So much of what I remember about growing up in a Puerto Rican family involves the meals we shared together during holidays and get togethers, and the day-to-day infusion of culture into our immediate family’s evening meals. My grandmother owned a restaurant in New York, which is where my father gleaned his cooking skills. Arroz con pollo (and/or gandules), platanos, and mofongo were regular dishes in our home, often preceded by the savory smell of sofrito infiltrating our home. It wasn’t Christmas if one of our family members failed to make pasteles, and coquito and arroz con dulce always satisfied my sweet tooth.
This month, we celebrate Hispanic Heritage Month, a 30-day celebration that commemorates the history, culture, and contribution of Hispanic and Latino Americans in the United States. The celebration begins September 15th, as this day holds special significance as the anniversary of independence for many Latin American countries including Costa Rica, El Salvador, Guatemala, Honduras, and Nicaragua. Within this time period, there are a number of historic moments including the day Christopher Columbus arrived in America.
As a mom to 2 biracial children, I’m always thinking about how I can help them learn about and feel connected to their culture. We often tell stories of their grandparents and extended family members but the primary way I’ve been able to share my Puerto Rican culture with my children has been through food. While we’re still experiencing a Fall heat wave, I thought this would be the perfect time to share my family’s Asopao de Gandules Recipe. My mother recalls eating this hearty soup during the bitter cold winter months in New York each year. Along with featuring Puerto Rican’s mainstay dishes of rice and beans (gandules or Pigeon Peas in this instance), this soup is flavored with sofrito and includes squash, frequently eaten during this time of year.
Despite the fact that the recipe calls for a number of Hispanic ingredients, I found an expansive selection in the Latin section at my local Walmart and everything, including the gandules, was purchased in-store. While Calabaza is the type of squash most traditionally used in this dish, it can be difficult to find outside of a specialty market. Butternut or acorn squash can be substituted for calabaza in most recipes and we found that doing so did not significantly alter the authentic flavor of this dish. Before you gather your ingredients, be sure to have sofrito on-hand. My father’s sofrito recipe can easily prepared with just a few ingredients and a food processor.
Here is our Asopao de Gandules Recipe:
- 1 large green plantain
- 1 garlic clove crushed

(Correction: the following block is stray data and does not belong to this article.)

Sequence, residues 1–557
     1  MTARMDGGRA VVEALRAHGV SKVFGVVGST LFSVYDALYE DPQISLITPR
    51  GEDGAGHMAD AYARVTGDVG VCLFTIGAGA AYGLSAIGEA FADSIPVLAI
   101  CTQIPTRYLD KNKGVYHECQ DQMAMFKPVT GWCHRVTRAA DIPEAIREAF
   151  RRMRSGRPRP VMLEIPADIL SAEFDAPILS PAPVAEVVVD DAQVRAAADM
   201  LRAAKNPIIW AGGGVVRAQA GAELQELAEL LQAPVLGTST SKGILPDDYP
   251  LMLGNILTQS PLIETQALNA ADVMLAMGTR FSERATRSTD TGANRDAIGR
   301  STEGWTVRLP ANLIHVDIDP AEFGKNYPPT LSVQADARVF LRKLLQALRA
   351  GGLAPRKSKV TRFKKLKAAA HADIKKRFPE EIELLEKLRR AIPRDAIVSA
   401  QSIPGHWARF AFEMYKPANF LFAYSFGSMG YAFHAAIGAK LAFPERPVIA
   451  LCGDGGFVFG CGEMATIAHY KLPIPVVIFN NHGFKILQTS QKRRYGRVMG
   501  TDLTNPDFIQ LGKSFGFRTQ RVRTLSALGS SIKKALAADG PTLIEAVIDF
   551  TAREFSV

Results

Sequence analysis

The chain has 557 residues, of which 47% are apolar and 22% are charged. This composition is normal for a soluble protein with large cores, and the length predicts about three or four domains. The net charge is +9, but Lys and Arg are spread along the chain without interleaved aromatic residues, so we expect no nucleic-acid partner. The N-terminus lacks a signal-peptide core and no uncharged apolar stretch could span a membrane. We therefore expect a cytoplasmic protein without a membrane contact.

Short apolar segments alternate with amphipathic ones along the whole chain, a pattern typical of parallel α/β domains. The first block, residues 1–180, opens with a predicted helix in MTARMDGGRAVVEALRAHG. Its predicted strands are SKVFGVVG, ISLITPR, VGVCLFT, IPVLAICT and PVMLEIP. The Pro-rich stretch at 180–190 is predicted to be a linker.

- Dash of salt
- 1 15- ounce can of gandules drained
- 1 quart of chicken stock
- 1 tablespoon of olive oil
- 1-2 chicken breasts thawed and cubed
- 1/4 cup sofrito
- 1/2 cup tomato sauce
- 1 cup short-grain brown rice
- 1 cup squash cubed
- 1 teaspoon salt to taste
Peel and shred plantain in a food processor
Add garlic and salt
Form dumplings, approximately 1/2 tablespoon in size
In a large stock pot, combine gandules and chicken stock and heat until boiling
In a skillet, heat olive oil and sauté chicken breast for 2-4 minutes
Add sofrito and continue to cook 2-4 minutes
Add tomato sauce and simmer over medium heat for 5 minutes
Add chicken and sauce into the stock pot
Add dumplings, rice, squash, and salt into the stock pot
Simmer for approximately 30 minutes, or until the rice is cooked and the soup has thickened
Vegetarian Option: Substitute vegetable broth for the chicken stock and omit the chicken
Notes about Peeling and Using Green Plantains: Notorious for being difficult to peel and use, here is a quick visual demo that will teach you how to peel a green plantain correctly every single time!
1. Soak the plantains in hot water for 3-5 minutes, particularly if you have stored them in the fridge
2. Cut off both ends of the green plantain and discard
3. Using a sharp knife, slice the plantain lengthwise
4. The peel should begin to be easily removed from the plantain, often in sections
Making the dumplings: This is perhaps the most challenging part of making the soup. Green plantains, depending on their stage of ripeness, don’t have the same texture as conventional bananas. They are traditionally used as a vegetable in Puerto Rican dishes as they are not sweet like bananas. If you find you’re having difficulty forming the plantains into dumplings, you can add a few drops of olive oil (one at a time). Set each dumpling into the soup and do not stir. As the plantain cooks it will retain its dumpling shape.
I was pleasantly surprised at how much my kids enjoyed this soup. They have eaten arroz con pollo numerous times and they told me this soup reminded them of our traditional Puerto Rican dish. As we talked about the differences between green plantains and bananas during our meal, my kids began to get very excited about fried platanos which I suppose will be our next cultural meal! How do you celebrate Hispanic Heritage Month? I’d love to hear your traditions and recipes.
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